The Ministry of Agriculture and Land Reform has revoked two prospecting permits previously granted to Headspring Investments, which was looking for uranium in the Stampriet artesian basin.
The corporation was on a mission to drill 37 boreholes for uranium prospecting, which has enraged southern farmers who rely on the basin for freshwater for their produce.
Agriculture executive director Percy Misika informed the corporation in a letter dated 9 November 2021 that the government was cancelling the transaction due to egregious carelessness.
“Based on the gross violations and non-compliance of permit conditions, Permit No 11561 and Permit No 11562 are hereby withdrawn with immediate effect and no further drilling is permitted,” wrote Misika.
The executive director further demanded that the two permits be returned to the ministry for cancellation.
Misika said the ministry carried out a site visit last month and was “extremely concerned about Headspring Investment (Pvt) Ltd’s non-compliance with conditions of permits no. 11561 and no. 11562, among others”.
He said specifically the boreholes for hydro-geological study purposes are being drilled in a pattern mimicking that of the in-situ leaching technique proposed in the background information prepared by the consultant hired to carry out the environmental impact assessment process for that.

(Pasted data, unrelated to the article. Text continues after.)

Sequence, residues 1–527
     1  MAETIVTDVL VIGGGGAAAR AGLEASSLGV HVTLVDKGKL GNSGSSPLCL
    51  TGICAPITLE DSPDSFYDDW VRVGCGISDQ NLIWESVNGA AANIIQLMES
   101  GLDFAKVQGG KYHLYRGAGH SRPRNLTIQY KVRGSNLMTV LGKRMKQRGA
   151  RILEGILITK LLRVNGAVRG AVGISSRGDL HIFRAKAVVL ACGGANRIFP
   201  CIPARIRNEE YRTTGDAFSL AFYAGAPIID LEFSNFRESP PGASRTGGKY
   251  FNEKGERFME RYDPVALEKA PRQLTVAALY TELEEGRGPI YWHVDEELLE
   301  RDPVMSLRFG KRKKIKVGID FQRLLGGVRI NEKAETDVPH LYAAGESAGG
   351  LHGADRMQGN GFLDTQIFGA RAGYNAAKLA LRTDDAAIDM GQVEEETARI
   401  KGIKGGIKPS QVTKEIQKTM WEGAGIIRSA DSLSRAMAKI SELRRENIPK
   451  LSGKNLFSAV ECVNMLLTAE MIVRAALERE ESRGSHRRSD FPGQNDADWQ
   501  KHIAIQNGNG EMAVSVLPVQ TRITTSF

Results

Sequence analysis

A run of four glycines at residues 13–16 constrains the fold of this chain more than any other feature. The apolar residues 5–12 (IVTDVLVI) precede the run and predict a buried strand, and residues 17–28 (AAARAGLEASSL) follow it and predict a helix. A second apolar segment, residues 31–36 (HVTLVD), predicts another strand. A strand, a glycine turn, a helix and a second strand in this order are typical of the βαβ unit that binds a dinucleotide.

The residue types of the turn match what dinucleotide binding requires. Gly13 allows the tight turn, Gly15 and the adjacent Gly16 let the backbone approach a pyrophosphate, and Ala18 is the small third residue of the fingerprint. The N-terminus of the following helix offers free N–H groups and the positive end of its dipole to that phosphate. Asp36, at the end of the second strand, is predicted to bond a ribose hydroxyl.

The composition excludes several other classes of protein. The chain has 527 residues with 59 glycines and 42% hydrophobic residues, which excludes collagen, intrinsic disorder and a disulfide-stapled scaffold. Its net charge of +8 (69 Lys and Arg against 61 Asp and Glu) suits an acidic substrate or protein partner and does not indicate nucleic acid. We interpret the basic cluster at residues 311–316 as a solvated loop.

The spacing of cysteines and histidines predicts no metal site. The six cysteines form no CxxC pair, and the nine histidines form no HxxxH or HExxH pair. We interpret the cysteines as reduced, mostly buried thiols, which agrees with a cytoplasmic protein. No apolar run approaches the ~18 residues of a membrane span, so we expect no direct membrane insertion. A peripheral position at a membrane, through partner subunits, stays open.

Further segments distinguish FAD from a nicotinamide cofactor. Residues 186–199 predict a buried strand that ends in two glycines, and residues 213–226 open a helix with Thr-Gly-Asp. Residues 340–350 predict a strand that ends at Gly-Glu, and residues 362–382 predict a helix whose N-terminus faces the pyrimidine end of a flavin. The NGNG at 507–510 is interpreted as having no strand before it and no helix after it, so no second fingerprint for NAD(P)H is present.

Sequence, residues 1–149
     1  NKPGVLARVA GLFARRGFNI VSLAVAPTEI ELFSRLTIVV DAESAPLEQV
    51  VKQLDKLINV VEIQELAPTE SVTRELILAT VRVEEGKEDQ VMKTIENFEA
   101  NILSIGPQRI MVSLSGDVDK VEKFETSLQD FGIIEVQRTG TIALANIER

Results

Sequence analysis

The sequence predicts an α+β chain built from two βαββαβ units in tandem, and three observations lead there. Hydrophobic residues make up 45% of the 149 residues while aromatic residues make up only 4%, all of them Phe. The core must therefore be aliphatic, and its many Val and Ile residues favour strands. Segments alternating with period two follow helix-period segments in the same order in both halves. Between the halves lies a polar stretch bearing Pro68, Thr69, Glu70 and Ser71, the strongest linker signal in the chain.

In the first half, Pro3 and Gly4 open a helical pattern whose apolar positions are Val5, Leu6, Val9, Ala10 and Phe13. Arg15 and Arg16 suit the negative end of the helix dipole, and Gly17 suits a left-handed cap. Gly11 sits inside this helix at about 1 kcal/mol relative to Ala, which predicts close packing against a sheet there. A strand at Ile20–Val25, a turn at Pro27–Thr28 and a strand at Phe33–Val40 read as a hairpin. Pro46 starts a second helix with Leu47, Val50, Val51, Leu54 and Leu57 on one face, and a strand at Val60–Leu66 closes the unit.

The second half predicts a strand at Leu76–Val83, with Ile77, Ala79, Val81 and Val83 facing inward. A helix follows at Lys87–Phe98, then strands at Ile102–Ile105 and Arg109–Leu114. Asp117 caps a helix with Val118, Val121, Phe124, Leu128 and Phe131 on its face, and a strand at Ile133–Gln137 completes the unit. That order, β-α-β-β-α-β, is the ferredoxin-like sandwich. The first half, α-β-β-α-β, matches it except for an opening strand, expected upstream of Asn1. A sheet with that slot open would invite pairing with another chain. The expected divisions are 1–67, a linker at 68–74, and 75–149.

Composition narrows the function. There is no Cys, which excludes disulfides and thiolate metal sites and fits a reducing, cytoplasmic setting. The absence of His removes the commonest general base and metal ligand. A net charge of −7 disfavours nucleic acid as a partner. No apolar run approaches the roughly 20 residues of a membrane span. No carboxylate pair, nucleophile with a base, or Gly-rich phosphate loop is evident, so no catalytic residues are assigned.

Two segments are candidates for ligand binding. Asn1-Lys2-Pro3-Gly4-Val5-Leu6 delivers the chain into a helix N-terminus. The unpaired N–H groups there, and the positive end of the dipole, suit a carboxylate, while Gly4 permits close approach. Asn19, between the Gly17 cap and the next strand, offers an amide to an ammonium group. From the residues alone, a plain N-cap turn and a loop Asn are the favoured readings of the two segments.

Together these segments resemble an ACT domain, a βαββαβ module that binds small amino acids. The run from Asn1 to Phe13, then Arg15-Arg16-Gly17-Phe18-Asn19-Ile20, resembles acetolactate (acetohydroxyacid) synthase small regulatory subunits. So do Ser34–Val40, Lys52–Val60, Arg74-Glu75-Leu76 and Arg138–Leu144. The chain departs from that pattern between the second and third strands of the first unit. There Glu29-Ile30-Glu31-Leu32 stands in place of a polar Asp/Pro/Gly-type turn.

“The exploration boreholes are not being drilled as per permit conditions where drilling activities require that the Kalahari aquifer be cased off and grouted before drilling into the Auob aquifer,” Misika added.
“Some of the exploration boreholes were left open for long periods allowing the mixing to last even longer. Forming pathways for the contaminants to enter the subsurface and unsealed boreholes are potential lock falls for livestock or wildlife,” he said.
The Stampriet Aquifer Uranium Mining Committee welcomed the ministry’s decision but expressed concern over all exclusive prospecting licences (EPLs) issued for uranium prospecting across the Stampriet artesian basin.
The committee made up of concerned farmers, and other stakeholders including lodge owners who depend on the aquifer, are opposed to uranium prospecting in the area because of the potentially disastrous impacts that in-situ leaching of uranium in the underground aquifers of the huge Stampriet artesian basin could have for this arid region of Namibia’s south-eastern Kalahari Desert and neighbouring countries of Botswana and South Africa.
The chairperson of the committee, Divan Opperman, in a media statement on Monday, said while they appreciate the ministry of agriculture for retracting two drilling permits granted to Headspring Investments because of non-compliance with permit conditions, only drilling permits have been retracted, not the EPLs issued by the Ministry of Mines and Energy in their totality.
“We, however, wish to express continued concern over all the EPLs issued to Headspring Investments, its associate companies and overall EPLs issued for uranium prospecting across the Stampriet artesian basin.
“Collectively, these cover a swath approximately 50km wide and 500km long along the northern and western margins of the basin where the recharge of the aquifers takes place, a total area of 2,7 million hectares,” said Opperman.
He added that there are more than 30 EPLs across the Stampriet aquifer, registered under various names, for uranium prospecting.
Agriculture spokesperson Jona Musheko said it would be difficult for the prospecting company to rectify some of the damage they caused and unless they come and explain themselves to the ministry, they will not be allowed to do any more work.
“We will put new conditions for them to fulfil if they are to resume work there,” Musheko said.
Efforts to get a comment from Headspring Investments proved futile.